There’s hardly enough time to come up for air in between reads of breaking coronavirus news. Growing cases. Borders closed. Daily lives dramatically changed as Canadians brace for a climbing death rate.
The country seems poised on the edge of an invisible inflection point, with all the unanswered questions about the effectiveness of self-isolation and social distancing left like another unseen virus hanging in the air.
We’d be hard pressed to name another moment that so urgently reflected the importance of good reporting. And yet, as a publication that focuses exclusively on reporting on Canada’s natural world, The Narwhal doesn’t have an obvious role to play in covering a global health crisis.
On Friday we decided to temporarily hit pause on our publication schedule as we reassessed the The Narwhal’s role in serving the public interest at this uncertain moment.
Here’s what we’ve decided: we are going to prioritize sharing the excellent work of other journalists covering COVID-19 with our audience. We’re also going to share some of our best work from the last year to help you cope with the challenges of social distancing and staying at home. And, where it fits with our focus, we’ll provide thoughtful coverage and analysis of the coronavirus.
The current news cycle presents us with a unique opportunity too: The Narwhal regularly operates well beyond capacity. During this global health crisis, we’re intentionally slowing down our publishing schedule to give our team a chance to prioritize longer-term investigative work.
We are also going to continue reporting on stories about Canada’s natural world, when the moment feels right. This rapidly unfolding pandemic is, rightfully, the most important story right now. But our team exists to find the critical stories that are going untold and that’s even more urgent in this unusual media environment.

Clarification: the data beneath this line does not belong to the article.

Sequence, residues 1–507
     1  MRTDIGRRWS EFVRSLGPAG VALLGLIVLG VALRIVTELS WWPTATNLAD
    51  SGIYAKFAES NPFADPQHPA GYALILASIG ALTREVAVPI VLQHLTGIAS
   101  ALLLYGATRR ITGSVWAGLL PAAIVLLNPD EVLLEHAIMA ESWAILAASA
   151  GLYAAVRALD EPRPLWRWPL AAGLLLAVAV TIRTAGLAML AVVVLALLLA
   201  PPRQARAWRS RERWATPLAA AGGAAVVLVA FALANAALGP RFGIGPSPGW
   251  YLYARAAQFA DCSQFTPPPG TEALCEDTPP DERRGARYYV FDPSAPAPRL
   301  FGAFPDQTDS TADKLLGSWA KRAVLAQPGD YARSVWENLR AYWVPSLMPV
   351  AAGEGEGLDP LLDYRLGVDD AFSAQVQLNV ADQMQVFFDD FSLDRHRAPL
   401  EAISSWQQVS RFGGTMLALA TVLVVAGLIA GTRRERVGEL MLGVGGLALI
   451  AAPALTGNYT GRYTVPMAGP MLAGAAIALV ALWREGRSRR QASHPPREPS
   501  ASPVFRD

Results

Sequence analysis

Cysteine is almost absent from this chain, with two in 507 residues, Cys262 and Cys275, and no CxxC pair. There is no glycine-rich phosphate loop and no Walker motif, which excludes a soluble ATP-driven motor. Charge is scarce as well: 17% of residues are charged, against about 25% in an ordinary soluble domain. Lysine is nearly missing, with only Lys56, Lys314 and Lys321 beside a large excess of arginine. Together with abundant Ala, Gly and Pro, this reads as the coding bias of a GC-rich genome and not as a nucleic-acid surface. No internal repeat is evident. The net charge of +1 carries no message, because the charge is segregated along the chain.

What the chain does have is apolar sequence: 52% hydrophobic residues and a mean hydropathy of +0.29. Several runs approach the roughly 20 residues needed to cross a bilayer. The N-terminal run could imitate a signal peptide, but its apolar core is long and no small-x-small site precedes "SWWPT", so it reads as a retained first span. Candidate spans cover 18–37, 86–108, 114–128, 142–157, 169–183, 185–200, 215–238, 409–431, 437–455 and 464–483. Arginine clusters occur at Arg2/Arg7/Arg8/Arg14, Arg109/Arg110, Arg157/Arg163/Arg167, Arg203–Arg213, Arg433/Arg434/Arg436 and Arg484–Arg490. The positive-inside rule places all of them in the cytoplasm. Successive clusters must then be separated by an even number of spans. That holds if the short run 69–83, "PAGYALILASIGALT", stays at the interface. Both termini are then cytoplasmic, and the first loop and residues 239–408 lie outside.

And we know from experience that bad actors and opportunists take advantage of moments just like this to advance their interests. While families and hospitals are burdened with the cascading reality of a public health crisis, we know that the number of orphaned wells left behind by gas companies in B.C. and Alberta is still growing. We know that proposals for new industrial facilities may be pushed along, even as communities no longer have the capacity to stay updated, attend public hearings and organize.
Crises and disasters have long been used to benefit private interests and at The Narwhal we believe our responsibility to our readership means remembering this, even as we brace for the worst impact of the pandemic.
There are no doubt more stories to come as the number of affected communities across the country continues to grow. As that happens, you can be sure that The Narwhal’s team will be thinking about our readers and their needs moving forward.
Even as we move into a strange new reality of isolation and distance, we’re already seeing all around us the extraordinary measures individuals are taking to care for their communities. Sometimes the step back can give us the perspective we need to see what’s really of value to those around us — as family members and as journalists.